That's the good-news story. Now the bad news.

As it turned out, the key match-up between Toronto and Columbus in the Eastern Conference finals wasn't any one player versus any other. Since Giovinco alone makes more money than the Columbus team combined, that wouldn't be a fair basis of comparison.

Instead, it was the staring contest between coaches – Vanney and his former USA teammate, Gregg Berhalter.

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Despite Toronto's narrow win, Berhalter got the better of that one. His meagre resources were carefully deployed to effectively thwart Toronto's ambition. The result was a blueprint for whichever opponent Toronto faces in ten days time - embrace the counter-attack.

It almost worked for Columbus. In the first half, Norwegian international Ola Kamara was able to sprint behind Toronto's defensive line repeatedly. Within a half-hour of the start, midfielder Michael Bradley had fallen so far back, he was somewhere between a central defender and a second goalkeeper.

A more muscular defensive approach thwarted the run-behind-them approach in the second half, but Toronto still looked fragile in its own end.

This was a very able defensive team during the regular season. It still isn't bad on paper – two goals allowed in four games – but it hasn't looked as good as it sounds. The bookend to that problem is Toronto's sudden offensive profligacy.

Giovinco returned after three weeks off and looked badly off the beat of the game. His usual effervescence was dulled to an occasional scamper across the face of goal. In fairness, until his hop-out-of-a-wheelchair-after-the-laying-on-of-hands act, so did Altidore.

The third straw that stirs Toronto's drink – Vazquez – was also out of rhythm. His most notable contribution to the game was taking a penalty that was perfect but for its height – three-feet off the ground, in the sweet spot for a diving 'keeper who's guessed right. Columbus's Zack Steffen had guessed right.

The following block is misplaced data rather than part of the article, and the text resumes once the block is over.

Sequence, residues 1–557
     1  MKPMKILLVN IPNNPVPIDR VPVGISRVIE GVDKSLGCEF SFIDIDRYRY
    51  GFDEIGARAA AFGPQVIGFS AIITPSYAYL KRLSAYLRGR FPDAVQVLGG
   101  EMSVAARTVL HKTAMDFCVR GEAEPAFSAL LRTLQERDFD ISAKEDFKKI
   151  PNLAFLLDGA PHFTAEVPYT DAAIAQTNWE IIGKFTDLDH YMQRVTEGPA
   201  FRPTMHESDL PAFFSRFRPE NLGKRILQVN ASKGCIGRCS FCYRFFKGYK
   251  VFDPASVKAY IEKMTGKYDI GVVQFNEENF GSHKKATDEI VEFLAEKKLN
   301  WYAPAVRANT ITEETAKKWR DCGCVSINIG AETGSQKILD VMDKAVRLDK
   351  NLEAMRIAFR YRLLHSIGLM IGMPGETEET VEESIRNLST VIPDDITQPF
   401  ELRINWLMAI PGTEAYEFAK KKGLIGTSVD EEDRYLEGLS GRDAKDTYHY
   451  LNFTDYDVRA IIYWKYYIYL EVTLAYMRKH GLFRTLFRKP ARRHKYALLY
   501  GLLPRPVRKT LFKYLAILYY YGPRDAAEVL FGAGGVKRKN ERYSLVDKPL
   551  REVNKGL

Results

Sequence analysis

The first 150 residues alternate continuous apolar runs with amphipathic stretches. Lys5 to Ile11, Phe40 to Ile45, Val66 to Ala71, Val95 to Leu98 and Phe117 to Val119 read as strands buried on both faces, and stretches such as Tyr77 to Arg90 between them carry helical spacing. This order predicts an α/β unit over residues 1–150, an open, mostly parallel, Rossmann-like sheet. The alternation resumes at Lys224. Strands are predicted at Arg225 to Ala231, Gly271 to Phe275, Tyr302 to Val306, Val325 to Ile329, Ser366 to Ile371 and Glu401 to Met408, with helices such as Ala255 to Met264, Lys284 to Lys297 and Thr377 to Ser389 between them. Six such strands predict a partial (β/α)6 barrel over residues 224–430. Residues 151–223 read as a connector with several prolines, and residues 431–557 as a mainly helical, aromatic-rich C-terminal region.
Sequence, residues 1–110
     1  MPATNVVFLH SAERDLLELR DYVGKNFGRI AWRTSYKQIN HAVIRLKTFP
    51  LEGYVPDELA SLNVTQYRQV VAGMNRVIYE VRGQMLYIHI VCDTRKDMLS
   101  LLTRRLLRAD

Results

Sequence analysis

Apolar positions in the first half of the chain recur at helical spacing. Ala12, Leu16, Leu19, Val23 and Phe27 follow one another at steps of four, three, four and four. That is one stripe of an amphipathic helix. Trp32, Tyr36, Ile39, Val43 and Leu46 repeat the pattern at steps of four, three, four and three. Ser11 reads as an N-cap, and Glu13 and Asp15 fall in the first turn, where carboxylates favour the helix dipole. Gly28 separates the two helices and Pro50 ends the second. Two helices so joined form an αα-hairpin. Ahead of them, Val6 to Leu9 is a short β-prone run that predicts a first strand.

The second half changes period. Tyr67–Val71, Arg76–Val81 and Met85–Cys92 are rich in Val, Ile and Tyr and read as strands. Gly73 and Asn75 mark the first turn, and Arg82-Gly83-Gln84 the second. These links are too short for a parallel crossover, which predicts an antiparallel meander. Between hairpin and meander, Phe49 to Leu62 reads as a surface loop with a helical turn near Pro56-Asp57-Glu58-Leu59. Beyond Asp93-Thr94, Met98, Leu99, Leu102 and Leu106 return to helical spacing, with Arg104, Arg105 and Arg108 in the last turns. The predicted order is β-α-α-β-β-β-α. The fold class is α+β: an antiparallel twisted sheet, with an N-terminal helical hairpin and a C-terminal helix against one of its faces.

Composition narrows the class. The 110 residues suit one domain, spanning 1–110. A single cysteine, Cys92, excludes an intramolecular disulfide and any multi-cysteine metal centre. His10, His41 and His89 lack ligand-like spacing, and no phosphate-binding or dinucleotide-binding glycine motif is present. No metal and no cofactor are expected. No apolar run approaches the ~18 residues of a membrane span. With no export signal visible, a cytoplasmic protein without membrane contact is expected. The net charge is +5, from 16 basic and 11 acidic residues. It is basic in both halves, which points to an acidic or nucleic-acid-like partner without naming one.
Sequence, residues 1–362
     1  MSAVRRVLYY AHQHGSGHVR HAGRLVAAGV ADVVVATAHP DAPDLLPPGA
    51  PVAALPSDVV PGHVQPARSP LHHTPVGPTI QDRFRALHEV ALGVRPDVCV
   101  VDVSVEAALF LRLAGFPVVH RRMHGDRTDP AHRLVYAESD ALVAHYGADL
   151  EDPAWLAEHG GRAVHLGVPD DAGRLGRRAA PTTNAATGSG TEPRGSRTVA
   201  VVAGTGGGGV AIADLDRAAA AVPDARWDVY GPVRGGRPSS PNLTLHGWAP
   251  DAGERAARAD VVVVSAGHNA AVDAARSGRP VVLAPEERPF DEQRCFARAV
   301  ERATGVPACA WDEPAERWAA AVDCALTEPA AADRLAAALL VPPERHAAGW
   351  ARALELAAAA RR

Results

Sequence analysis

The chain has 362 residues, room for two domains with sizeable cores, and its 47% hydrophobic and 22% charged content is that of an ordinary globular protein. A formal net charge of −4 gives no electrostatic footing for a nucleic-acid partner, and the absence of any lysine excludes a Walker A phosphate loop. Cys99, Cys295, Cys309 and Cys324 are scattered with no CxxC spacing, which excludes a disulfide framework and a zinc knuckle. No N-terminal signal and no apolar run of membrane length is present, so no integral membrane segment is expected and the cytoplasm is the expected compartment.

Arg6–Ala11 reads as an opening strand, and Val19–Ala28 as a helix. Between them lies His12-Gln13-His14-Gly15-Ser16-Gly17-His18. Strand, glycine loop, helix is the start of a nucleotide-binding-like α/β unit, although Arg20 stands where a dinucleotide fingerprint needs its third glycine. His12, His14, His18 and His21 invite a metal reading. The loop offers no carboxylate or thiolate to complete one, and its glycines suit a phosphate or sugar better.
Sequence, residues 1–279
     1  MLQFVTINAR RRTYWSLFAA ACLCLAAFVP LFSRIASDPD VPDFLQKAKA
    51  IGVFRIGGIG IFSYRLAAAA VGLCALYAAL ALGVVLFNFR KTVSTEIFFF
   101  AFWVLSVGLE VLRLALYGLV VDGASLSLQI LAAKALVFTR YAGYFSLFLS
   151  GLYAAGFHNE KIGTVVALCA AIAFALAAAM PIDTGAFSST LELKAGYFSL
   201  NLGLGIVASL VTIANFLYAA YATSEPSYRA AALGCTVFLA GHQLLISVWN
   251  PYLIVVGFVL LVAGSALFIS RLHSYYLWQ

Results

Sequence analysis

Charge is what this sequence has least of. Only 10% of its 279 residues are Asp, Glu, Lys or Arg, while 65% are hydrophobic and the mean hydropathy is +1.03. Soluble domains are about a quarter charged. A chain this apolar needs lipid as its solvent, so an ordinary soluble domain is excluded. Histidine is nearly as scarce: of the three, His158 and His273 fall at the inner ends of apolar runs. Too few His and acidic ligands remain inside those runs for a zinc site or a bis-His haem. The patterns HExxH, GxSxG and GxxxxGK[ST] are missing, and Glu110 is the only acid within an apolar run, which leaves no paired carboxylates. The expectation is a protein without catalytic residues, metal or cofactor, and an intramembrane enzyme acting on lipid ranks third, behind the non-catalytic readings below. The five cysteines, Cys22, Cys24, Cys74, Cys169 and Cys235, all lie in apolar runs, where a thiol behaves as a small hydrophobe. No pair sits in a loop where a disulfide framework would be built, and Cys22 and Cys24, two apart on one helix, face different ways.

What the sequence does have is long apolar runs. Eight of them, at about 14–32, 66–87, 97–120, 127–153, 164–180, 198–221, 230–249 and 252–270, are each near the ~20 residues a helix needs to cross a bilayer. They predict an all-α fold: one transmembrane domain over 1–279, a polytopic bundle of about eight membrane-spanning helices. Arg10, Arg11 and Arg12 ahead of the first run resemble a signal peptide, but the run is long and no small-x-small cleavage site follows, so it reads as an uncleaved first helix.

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But had Vazquez notched in that moment – and he was the guy who predicted the team would "score two or three goals for sure" – it would've robbed the game of Altidore's moment.

With one game remaining, there are two ways to look at Toronto FC's chances now.

Over the last month, they are not the regular-season juggernaut that topped the table. That previous team sprinted. This one gets there on its hands and knees.

The other point of view is that some teams find a way. They're just winners. The last guy who should score is the one who does.

"This city means a lot to me. When I came (to Toronto), I didn't know what to expect. I'm sure a lot of people didn't know what to expect from me. We were feeling each other out," Altidore said. "It's a beautiful love story because I fell in love with the city and I think the fans have fallen in love with me."

So it's a love story. That means one of two endings – off into the sunset, or dead in each other's arms. Despite the ankle, Altidore promised to be on the field when they write the final scene in ten days time.